2. Hilary Clinton should be indicted on violating federal laws on classified information. This is not hyperbole.
That headline is not hyperbole. The newest revelation on Clinton was the Office of Inspector General’s report saying that Clinton violated State Department rules on classified information. Judicial Watch has posted the entire report.
The report reveals what was already suspected: Hilary Clinton violated federal law in holding classified information. There is a 99% chance her server was hacked and open to foreign eyes. The IRS is hit with 1 million malicious attacks a day. Hilary Clinton’s unsecured server is almost guaranteed to have been hacked. Mark Cuban and other Silicon Valley tech founders say the same thing: There are two types of people: Those who have been hacked, and those who don’t know they’ve been hacked. Pretending Clinton’s server was secure is a fantasy.
Staff were advised to never talk about the server. The reason the server was set up in the first place was to avoid FOIA requests (a government transparency law that allows private citizens to request information be made public). And to top it off, the Obama administration is fighting to ensure that Clinton does not have to testify in a deposition.
For comparison, Politico reported on a Navy Sailor who pled guilty to charges stemming from the Espionage Act, charges drawing comparison to Clinton’s email:
“Prosecutors allege that Petty Officer First Class Kristian Saucier used a cellphone camera to take photos in the classified engine room of the nuclear submarine where he worked as a mechanic, the USS Alexandria, then destroyed a laptop, camera and memory card after learning he was under investigation.
Last July, Saucier was indicted on one felony count of unlawful retention of national defense information and another felony count of obstruction of justice. He pleaded guilty Friday to the classified information charge, which is part of the Espionage Act, a prosecution spokesman confirmed. No charge of espionage was filed and no public suggestion has been made that he ever planned to disclose the photos to anyone outside the Navy.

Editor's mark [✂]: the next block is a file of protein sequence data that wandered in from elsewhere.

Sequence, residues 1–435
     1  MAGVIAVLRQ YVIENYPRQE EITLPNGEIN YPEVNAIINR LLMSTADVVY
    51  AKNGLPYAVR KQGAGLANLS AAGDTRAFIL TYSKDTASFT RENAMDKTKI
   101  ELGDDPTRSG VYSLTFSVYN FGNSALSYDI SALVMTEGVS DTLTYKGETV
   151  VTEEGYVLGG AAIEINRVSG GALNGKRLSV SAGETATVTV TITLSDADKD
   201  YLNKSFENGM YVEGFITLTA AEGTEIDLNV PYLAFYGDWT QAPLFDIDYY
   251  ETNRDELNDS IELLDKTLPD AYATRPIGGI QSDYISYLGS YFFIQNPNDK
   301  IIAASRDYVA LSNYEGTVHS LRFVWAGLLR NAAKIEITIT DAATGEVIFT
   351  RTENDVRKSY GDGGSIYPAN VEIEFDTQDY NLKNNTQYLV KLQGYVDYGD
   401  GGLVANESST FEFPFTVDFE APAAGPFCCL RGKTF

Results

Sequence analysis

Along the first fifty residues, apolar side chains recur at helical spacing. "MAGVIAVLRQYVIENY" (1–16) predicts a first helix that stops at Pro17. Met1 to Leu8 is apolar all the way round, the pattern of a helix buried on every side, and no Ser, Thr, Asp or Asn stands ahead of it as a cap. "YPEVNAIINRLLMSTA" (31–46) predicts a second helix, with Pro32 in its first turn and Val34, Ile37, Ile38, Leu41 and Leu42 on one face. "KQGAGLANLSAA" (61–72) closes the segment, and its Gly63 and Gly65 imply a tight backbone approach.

The sailor now faces a maximum possible sentence of up to ten years in prison, but faced up to 30 years if found guilty on both charges. Federal guidelines discussed in court Friday appear to call for a sentence of about five to six-and-a-half years, although the defense has signaled it will seek a lighter sentence.”
The best defense Clinton backers are giving is: “Previous Secretaries of State did the same thing. What she did was in line with those people.” This attack is easily dismissed: 1) Clinton is the only federal government official to set up a private server to host her email in order to avoid FOIA. No other official has ever done this. Other SOS’s used private email accounts like Yahoo or Gmail. 2) A violation by one SOS does not mean Clinton did not violate the law. Two wrongs don’t make a right. 3) There is standing evidence Clinton’s use of the server allowed top secret classified data to fall into foreign hands.
Clinton should be indicted. It’s not even a close question.
3. The Affordable Care Act (Obamacare) is Crumbling, But Not How You Think
The Wall Street Journal reported this week that health insurance providers Cigna and Anthem had started fighting with each other over the details in a proposed merger. The bickering comes as the Cigna / Anthem merger and the Aetna / Humana merger are in early approval stages with the Department of Justice. The 4 companies represent 4 of the top 5 health insurance carriers in the country. If allowed to merge, instead of 5 large companies, the market would have 3 super size companies. The Department of Justice is charged with determining whether or not these deals violate anti-trust laws and create a monopoly in the industry.
The WSJ Moneybeat podcast on this story brought up a few good points: 1. The mergers in the health insurance industry started in 2014. Going back to that year, you’ll see that all the insurance companies were talking to each other over merging. 2. Once one set of companies announced they were merging, everyone else jumped into the pool too. No one wanted to be the last company out. 3) The bickering between the companies shows that companies are merging out of survival, not because they want to merge.
So why are companies doing this now? And how does it affect you?